Horse racing is one of the world’s most popular spectator sports. From legendary races that have defined an era to those that inspire the imagination, the sport has something for everyone. There are many reasons why horse racing is so enduringly popular, from the thrill of seeing an underdog come from behind to beat a favorite and make history to the allure of watching great rivals face off in an epic showdown.
But what makes a race truly great? For starters, it must have a big stage and the right setting. Afterward, there are other considerations: the number of horses involved, the level of competition, and the context of the event. Then there are individual performances, which can elevate a race from simple greatness to immortality. For example, Secretariat’s 31-length Belmont demolition job in 1973 and Arkle’s 1964 Gold Cup both qualify as great races.
A race is usually run on a dirt or turf track that has been prepared with a layer of sand or grit to provide traction. The surface also needs to be able to absorb a large amount of water. When the track has been saturated, it is called a heavy track. A heavy track is a good surface for fast horses but bad for slow horses or those with injury problems.
The pedigree of a horse is another important factor in determining its chances to win a race. To be eligible to compete in a race, a horse must have a sire and dam that are purebred members of the same breed as the horse itself. Exceptions to this rule are made for a number of specialized races that allow horses with different pedigrees to compete against each other, such as the Kentucky Derby and the Melbourne Cup.
In most flat horse races (not including steeplechases), the stewards will allocate weights designed to equalize the winning chances of each entrant. This is referred to as handicapping. A horse’s chance to win a race can also be affected by its previous performance, its position in the starting gate, its sex, and its training.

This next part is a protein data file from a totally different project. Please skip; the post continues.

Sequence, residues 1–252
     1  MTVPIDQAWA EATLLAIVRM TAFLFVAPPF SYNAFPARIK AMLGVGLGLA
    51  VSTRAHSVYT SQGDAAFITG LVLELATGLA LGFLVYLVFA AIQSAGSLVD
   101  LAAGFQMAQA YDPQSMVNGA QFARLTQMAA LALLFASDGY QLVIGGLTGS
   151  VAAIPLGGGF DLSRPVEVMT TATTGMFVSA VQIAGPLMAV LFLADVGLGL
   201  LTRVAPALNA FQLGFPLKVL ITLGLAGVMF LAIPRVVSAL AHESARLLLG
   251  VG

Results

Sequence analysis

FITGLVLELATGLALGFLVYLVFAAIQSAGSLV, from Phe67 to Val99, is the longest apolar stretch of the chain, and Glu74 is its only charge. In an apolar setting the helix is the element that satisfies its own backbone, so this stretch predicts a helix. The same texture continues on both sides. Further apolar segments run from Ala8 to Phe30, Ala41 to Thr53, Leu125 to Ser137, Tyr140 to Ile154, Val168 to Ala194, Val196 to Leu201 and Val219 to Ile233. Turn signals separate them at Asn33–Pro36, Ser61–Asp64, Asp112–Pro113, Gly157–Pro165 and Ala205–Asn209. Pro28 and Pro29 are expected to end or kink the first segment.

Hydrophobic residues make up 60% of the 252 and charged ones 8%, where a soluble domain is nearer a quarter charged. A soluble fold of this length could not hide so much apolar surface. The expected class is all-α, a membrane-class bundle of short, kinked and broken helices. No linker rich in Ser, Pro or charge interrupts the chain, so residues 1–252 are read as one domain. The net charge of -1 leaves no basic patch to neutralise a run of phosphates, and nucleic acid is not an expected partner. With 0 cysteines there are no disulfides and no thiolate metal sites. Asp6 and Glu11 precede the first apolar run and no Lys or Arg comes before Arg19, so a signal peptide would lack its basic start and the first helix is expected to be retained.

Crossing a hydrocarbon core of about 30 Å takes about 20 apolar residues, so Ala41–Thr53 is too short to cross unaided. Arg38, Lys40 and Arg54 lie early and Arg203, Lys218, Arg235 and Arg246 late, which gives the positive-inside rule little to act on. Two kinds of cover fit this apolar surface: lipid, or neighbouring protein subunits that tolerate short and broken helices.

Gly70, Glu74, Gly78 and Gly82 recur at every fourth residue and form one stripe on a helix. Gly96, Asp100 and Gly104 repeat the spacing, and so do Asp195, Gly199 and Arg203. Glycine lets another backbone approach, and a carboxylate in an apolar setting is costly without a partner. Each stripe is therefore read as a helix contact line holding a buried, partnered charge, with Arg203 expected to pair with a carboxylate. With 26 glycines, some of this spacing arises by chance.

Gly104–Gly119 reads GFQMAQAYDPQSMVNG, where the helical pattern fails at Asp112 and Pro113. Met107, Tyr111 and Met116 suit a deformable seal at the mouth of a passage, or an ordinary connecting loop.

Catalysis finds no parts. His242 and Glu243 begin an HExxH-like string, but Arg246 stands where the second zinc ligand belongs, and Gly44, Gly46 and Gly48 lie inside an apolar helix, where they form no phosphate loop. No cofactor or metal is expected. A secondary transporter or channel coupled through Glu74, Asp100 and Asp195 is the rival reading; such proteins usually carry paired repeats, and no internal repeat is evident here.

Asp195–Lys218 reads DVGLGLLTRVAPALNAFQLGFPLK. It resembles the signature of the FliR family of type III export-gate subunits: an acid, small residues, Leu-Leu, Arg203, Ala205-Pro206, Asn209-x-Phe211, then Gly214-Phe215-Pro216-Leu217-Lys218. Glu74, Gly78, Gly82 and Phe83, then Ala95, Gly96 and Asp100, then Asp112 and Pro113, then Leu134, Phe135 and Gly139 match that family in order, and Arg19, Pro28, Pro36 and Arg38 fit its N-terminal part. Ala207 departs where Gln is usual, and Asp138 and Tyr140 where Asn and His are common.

During the race, the jockeys must keep their horses under control and prevent them from running too fast or overexerting themselves. This is done by using a whip that is either in their hand or on their side. The horse’s jockey can also use a voice command or a bit to urge it on. However, it is against the rules for a jockey to hit the horse with a whip during the entire race.
While the sport has evolved over time to improve animal welfare, horse racing remains a dangerous and cruel industry. In addition to the physical dangers of the sport, horses are pushed beyond their limits and often subjected to cocktails of illegal and legal drugs that mask injuries and artificially enhance performance. Sadly, many horses that don’t win are discarded or sent to slaughter. Despite the fact that most owners claim to be lovers of their animals, some treat them as mere tools for making money and will destroy or auction off a horse that doesn’t measure up.